Flunixin persists in inflammatory tissues and is associated with anti-inflammatory properties which extend well beyond the period associated with detectable plasma drug concentrations. These observations account for the counterclockwise hysteresis associated with flunixin’s pharmacokinetic/pharmacodynamic relationship. Therefore, prediction of drug concentrations based upon the estimated plasma terminal half-life will likely underestimate both the duration of drug action and the concentration of drug remaining at the site of activity.
DOSAGE AND ADMINISTRATION
Horses: The recommended dose for musculoskeletal disorders is 1.1 mg flunixin per kg (1 mL/45 kg) of body weight once daily. Treatment may be given by intravenous or intramuscular injection and repeated for up to 5 days. Intravenous studies show that the onset of activity is within 2 hours. Peak response occurs between 12 and 16 hours and duration of activity is 24 to 36 hours following intravenous and intramuscular administration.
The recommended dose for the alleviation of pain associated with equine colic is 1.1 mg flunixin per kg of body weight. Intravenous administration is recommended for prompt relief. Should colic symptoms recur, treatment may be repeated as necessary. Clinical studies show that pain symptoms were alleviated in 37% of treated horses within 15 minutes, and 74% within 30 minutes. The cause of colic should be determined and treated with concomitant therapy.
Cattle: The recommended dose for control of pyrexia associated with bovine respiratory disease and endotoxemia and control of inflammation associated with endotoxemia in cattle is 2.2 mg flunixin per kg (2 mL/45 kg) of body weight given by slow intravenous administration once a day for up to 3 days. The total daily dose should not exceed 2.2 mg flunixin per kg of body weight. Avoid rapid intravenous administration of the drug. Twenty-four (24) hours after administration, check if animal is febrile. Re-administer only if the fever is 104°F (40°C) or higher. The recommended dose for control of pyrexia associated with acute bovine mastitis is 2.2 mg flunixin per kg of body weight given as a single intravenous injection. Administer slowly.
Horses: Do not administer intra-arterially. Inadvertent intra-arterial injection may cause adverse reactions. Signs can be ataxia, incoordination, hyperventilation, hysteria and muscle weakness. Signs are transient and disappear without antidotal medication within a few minutes. Do not use in horses showing hypersensitivity to flunixin meglumine.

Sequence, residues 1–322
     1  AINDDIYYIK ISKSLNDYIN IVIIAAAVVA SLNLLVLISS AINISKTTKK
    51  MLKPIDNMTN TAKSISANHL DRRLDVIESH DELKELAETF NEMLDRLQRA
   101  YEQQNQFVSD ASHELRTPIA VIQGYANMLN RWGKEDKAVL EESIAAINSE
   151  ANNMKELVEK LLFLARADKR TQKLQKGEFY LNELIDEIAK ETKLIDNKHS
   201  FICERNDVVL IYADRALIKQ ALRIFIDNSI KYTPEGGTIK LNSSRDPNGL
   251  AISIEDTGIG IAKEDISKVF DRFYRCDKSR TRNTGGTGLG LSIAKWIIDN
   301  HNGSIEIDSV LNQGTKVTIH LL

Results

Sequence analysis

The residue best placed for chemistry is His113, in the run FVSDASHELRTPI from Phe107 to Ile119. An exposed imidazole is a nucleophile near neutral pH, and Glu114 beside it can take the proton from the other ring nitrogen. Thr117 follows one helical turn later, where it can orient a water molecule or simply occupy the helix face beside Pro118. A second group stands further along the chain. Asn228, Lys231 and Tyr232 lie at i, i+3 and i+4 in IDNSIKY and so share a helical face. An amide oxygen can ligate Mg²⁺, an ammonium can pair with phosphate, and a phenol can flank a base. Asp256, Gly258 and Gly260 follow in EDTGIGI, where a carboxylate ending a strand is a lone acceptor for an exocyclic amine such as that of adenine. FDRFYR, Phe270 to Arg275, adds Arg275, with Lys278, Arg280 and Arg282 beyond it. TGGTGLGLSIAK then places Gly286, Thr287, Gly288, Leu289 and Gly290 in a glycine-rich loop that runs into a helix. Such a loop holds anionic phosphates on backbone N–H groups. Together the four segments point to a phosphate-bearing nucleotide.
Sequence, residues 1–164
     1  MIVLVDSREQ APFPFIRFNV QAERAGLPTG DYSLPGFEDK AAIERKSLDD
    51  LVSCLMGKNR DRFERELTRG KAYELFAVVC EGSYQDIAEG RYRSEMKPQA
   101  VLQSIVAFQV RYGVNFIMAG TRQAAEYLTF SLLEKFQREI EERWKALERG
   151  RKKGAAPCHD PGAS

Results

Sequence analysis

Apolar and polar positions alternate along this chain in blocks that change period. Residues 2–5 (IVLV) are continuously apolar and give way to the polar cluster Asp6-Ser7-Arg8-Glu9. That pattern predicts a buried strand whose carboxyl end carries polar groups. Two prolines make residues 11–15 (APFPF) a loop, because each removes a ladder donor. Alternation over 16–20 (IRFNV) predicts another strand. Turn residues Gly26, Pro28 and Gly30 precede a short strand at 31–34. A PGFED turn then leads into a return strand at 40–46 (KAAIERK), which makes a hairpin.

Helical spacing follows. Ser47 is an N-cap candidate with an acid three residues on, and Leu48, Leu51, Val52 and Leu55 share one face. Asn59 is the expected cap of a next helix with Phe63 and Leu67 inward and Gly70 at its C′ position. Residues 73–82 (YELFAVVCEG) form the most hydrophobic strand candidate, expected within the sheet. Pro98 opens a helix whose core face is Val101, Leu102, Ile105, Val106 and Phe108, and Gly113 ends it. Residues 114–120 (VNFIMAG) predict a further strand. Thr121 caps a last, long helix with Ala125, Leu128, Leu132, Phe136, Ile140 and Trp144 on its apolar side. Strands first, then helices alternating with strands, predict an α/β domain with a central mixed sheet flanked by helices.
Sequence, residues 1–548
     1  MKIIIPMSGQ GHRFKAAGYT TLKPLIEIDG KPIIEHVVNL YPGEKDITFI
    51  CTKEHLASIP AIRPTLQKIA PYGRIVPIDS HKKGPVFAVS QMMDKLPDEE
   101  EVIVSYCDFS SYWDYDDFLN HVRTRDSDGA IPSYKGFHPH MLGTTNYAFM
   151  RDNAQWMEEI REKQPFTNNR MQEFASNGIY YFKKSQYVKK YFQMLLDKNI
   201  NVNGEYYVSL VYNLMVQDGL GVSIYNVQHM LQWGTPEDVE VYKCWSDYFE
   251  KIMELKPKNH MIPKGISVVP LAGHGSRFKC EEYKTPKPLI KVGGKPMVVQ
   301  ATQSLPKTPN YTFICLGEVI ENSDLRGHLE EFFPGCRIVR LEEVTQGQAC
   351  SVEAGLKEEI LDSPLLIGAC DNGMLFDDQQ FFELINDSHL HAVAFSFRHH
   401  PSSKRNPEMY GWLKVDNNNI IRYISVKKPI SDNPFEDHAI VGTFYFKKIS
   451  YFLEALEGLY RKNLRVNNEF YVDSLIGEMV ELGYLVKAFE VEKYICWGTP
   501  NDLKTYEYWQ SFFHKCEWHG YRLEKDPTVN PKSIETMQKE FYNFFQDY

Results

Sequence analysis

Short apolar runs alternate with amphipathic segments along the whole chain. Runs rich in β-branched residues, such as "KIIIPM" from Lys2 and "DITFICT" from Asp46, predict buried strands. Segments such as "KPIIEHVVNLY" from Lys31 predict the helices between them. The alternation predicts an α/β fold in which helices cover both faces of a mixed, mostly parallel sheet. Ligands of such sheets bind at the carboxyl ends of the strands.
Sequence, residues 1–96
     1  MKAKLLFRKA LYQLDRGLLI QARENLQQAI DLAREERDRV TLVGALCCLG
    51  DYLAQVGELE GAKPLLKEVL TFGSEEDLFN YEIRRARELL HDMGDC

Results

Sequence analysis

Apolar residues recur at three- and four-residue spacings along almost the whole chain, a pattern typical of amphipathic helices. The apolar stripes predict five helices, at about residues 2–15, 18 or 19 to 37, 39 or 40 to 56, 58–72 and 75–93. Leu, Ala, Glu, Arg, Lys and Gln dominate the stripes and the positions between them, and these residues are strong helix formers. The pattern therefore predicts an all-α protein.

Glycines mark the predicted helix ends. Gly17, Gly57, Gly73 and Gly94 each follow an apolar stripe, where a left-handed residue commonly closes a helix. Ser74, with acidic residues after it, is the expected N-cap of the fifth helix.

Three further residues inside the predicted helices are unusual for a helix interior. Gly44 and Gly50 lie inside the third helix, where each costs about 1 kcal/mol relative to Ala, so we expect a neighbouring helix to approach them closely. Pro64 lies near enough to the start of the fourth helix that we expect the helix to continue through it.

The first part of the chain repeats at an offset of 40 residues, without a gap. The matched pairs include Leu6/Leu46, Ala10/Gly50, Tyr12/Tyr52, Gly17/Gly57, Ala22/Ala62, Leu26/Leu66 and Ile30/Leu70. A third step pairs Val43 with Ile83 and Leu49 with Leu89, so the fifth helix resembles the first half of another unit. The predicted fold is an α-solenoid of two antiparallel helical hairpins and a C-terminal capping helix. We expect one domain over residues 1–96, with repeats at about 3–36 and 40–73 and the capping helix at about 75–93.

Cattle: Do not administer intra-arterially. Inadvertent intra-arterial injection may cause adverse reactions. Do not use in cattle showing hypersensitivity to flunixin meglumine. The drug is contraindicated in animals with hepatic disease, renal and cardiovascular impairment, gastrointestinal ulceration and/or platelet disorders. It is also contraindicated in dehydrated animals.
The use of NSAIDs may be associated with gastrointestinal, hepatic or renal toxicity. Patients at greatest risk for renal toxicity are those that are dehydrated, on concomitant diuretic therapy or those with renal, cardiovascular, and/or hepatic dysfunctions. Concurrent administration of potentially nephrotoxic drugs should be carefully approached. NSAIDs may inhibit prostaglandins that maintain normal homeostatic function. Such prostaglandin effects may result in clinically significant disease in patients with underlying or pre-existing disease that has not been previously diagnosed. Due to the potential for NSAIDs to induce gastrointestinal ulceration, concomitant use of this drug with other anti-inflammatory drugs, such as other NSAIDs or corticosteroids should be avoided. With the exception of the antibiotic oxytetracycline in cattle, studies to determine the activity of flunixin when administered concomitantly with other drugs have not been conducted. Drug compatibility should be monitored closely in patients requiring adjunctive therapy. Discontinue use if hematuria or fecal blood are observed. Avoid rapid intravenous administration of the drug.